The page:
Community First Bankshares of Fargo, N.D., said it has a definitive agreement to buy Mountain Parks Financial Corp., Denver.

The $123 million stock deal, announced this week, is the biggest yet for $2.3 billion-asset Community First. Buying $500 million-asset Mountain Parks would more than double its Colorado assets.

It would also bring several new businesses, including subprime mortgage and automobile financing.

"It's the first time that Community First has paid 2.2 times book for anything," said Mark Alpert, an analyst with Alex. Brown & Sons in New York, "but it was a unique opportunity for them. It looks like it's a good fit, and I trust it isn't a permanent deviation from their pricing discipline."

The companies' chief executives, Community First's Donald R. Mengedoth and Mountain Parks' Dennis M. Mathisen had discussed merging previously.

"I've long been acquainted with Dennis Mathisen and know his philosophy," said Mr. Mengedoth, whose company has been one of the most acquisitive banks in Colorado in recent years.

"There's a strong consistency in terms of our strategy," he said.

"It is a very good fit all the way across the board," agreed Mr. Mathisen, who would become Community First's largest single shareholder, take a seat on the board, and act as a consultant for a year. "It just seemed like the right time to do it."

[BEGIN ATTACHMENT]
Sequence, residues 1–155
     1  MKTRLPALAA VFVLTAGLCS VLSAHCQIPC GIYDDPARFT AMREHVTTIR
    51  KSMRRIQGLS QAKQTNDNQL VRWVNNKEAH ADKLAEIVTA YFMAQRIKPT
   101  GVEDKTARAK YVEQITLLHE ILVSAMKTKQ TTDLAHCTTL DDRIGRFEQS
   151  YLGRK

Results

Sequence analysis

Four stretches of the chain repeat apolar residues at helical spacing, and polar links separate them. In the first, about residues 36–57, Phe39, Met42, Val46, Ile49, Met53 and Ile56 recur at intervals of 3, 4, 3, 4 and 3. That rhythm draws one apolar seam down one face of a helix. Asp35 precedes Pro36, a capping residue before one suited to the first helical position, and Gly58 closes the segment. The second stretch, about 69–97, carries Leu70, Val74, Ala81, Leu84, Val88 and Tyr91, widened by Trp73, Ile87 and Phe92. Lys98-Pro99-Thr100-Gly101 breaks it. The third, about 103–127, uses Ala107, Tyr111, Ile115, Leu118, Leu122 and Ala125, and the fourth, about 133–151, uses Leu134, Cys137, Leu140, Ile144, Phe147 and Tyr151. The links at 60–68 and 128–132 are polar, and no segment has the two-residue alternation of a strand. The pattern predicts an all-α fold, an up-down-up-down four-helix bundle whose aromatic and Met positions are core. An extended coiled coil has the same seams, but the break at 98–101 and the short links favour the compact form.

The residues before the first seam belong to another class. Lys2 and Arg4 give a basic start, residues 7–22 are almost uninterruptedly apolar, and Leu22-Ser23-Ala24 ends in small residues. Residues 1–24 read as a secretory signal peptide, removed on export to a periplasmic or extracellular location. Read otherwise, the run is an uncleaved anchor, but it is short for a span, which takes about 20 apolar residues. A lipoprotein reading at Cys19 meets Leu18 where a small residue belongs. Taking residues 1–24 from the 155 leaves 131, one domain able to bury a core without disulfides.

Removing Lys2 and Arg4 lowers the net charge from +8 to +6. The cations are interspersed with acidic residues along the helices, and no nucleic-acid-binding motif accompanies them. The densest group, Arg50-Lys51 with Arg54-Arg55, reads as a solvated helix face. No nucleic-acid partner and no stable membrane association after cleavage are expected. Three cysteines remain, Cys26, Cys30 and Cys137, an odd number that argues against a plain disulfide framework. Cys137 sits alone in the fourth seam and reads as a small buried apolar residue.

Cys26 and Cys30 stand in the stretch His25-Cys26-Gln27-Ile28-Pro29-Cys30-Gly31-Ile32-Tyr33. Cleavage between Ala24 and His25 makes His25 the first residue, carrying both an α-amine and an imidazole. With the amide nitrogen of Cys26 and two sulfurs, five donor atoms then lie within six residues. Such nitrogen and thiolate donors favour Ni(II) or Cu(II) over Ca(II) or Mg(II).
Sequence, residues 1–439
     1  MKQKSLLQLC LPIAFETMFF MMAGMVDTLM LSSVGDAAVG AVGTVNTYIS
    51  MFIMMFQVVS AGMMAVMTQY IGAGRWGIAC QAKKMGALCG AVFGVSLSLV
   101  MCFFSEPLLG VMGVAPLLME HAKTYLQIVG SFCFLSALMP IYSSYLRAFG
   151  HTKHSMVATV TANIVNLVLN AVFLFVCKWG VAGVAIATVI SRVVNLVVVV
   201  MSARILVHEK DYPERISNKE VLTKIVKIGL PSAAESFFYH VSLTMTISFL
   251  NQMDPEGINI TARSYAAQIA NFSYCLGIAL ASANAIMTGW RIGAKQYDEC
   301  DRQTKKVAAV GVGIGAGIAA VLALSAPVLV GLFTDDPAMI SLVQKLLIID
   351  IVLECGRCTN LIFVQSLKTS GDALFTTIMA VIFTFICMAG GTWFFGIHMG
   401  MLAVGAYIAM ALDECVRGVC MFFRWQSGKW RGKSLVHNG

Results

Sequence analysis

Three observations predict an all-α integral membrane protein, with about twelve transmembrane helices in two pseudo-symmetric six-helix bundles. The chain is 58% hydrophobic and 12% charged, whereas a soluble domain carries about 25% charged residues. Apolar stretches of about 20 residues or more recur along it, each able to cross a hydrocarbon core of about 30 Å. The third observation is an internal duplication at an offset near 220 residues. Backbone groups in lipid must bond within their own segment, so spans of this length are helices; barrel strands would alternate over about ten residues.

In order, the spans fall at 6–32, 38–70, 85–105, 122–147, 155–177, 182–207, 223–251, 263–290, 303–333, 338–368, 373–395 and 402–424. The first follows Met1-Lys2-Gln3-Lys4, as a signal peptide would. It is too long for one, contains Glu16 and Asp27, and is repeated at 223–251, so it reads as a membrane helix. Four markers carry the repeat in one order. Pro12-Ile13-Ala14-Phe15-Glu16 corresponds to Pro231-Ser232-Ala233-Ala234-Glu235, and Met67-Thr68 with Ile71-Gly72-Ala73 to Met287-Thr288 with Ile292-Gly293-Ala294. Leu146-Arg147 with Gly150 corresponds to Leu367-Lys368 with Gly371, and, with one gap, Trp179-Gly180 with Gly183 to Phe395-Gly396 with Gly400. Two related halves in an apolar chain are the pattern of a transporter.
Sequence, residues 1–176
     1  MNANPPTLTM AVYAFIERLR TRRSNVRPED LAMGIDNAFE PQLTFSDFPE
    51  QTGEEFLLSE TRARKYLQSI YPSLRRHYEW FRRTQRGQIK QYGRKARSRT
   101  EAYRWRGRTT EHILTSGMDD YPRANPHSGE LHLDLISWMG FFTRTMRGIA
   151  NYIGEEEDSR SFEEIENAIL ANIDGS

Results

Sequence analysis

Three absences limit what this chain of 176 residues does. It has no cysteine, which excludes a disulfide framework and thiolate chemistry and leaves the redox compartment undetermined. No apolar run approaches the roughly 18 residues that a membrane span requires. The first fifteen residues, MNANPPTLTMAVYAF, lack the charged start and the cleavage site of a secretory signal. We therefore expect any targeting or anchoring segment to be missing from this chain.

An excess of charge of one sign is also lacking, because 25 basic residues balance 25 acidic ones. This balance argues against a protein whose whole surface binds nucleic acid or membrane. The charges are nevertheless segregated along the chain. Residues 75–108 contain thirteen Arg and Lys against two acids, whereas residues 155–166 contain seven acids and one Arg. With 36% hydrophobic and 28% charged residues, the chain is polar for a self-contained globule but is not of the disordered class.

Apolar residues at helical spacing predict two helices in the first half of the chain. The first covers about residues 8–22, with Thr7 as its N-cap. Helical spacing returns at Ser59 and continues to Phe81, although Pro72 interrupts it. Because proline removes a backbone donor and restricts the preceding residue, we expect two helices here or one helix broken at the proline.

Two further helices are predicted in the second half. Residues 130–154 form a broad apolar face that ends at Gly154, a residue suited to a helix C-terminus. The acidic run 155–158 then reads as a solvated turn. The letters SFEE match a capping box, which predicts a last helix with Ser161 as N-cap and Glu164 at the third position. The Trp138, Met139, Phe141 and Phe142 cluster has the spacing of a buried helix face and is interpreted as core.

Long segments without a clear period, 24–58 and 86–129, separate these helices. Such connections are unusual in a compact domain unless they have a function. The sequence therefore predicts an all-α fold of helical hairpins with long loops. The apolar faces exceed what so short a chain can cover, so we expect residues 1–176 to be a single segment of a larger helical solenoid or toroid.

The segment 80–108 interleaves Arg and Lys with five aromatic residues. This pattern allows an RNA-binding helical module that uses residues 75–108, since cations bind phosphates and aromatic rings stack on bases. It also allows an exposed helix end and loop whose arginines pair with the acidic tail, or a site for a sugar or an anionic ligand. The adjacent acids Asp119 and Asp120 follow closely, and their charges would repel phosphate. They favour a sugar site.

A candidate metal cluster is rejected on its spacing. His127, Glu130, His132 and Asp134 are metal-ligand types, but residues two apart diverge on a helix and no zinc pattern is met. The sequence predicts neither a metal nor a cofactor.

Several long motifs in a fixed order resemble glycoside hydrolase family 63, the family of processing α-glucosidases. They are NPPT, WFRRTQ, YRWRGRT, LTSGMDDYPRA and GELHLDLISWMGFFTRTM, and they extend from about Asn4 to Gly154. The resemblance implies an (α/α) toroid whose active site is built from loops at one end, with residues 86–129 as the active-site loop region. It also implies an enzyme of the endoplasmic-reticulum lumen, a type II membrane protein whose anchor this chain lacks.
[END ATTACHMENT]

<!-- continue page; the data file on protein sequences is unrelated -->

The deal, which is subject to due diligence and regulatory and shareholder approvals, is expected to close late this year or in early 1997. Management said no layoffs are expected.

Community First, with bank offices in 63 communities in seven midwestern states, would get Mountain Parks' four Colorado banks and its two finance subsidiaries: Minneapolis-based Equity Lending Inc., which originates subprime mortgages, and Mountain Parks Financial Services Inc., a new subprime automobile finance firm in Denver.

Analyst Ben Crabtree of Dain Bosworth Inc., Minneapolis, said Community First should handle the new niches well.

"Community First management is very capable and very conservative," he said. "I have a very high degree of comfort with their ability to understand and control their businesses."

Slow growth in some of Community First's banking markets makes the fast growth of subprime lending and of Colorado's markets particularly attractive, Mr. Mengedoth said.

"As we continue to acquire smaller ... rural community banks, we generally find that their economies don't generally provide all the lending opportunities that we would like," he said.

After the acquisition, about 30% of Community First's assets would be in Colorado, more than in any of the other six states in its network. The company owns banks in Minnesota, North Dakota, Nebraska, South Dakota, Iowa, and Wisconsin.

Community First was formed in 1987 when investors led by Mr. Mengedoth purchased 21 small-town bank offices from Minneapolis-based First Bank System. Community First bought its first Colorado bank in 1993.

The new market breakdown could make Community First a more attractive takeover candidate, said Mr. Crabtree. He predicted it will get an offer in the next three to five years.

Mr. Mengedoth said he foresees Community First remaining independent in the near term.

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